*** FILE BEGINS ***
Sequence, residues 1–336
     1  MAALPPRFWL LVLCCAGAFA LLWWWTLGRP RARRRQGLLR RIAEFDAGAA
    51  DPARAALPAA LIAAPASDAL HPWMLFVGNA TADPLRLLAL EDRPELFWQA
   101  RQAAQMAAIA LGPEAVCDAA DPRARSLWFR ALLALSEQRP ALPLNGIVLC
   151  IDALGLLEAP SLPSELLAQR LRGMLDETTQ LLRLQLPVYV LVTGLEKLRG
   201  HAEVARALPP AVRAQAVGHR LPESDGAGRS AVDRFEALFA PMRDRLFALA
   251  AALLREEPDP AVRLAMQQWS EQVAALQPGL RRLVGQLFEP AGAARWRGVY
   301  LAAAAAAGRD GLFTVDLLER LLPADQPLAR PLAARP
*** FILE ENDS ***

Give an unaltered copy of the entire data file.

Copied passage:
Sequence, residues 1–336
     1  MAALPPRFWL LVLCCAGAFA LLWWWTLGRP RARRRQGLLR RIAEFDAGAA
    51  DPARAALPAA LIAAPASDAL HPWMLFVGNA TADPLRLLAL EDRPELFWQA
   101  RQAAQMAAIA LGPEAVCDAA DPRARSLWFR ALLALSEQRP ALPLNGIVLC
   151  IDALGLLEAP SLPSELLAQR LRGMLDETTQ LLRLQLPVYV LVTGLEKLRG
   201  HAEVARALPP AVRAQAVGHR LPESDGAGRS AVDRFEALFA PMRDRLFALA
   251  AALLREEPDP AVRLAMQQWS EQVAALQPGL RRLVGQLFEP AGAARWRGVY
   301  LAAAAAAGRD GLFTVDLLER LLPADQPLAR PLAARP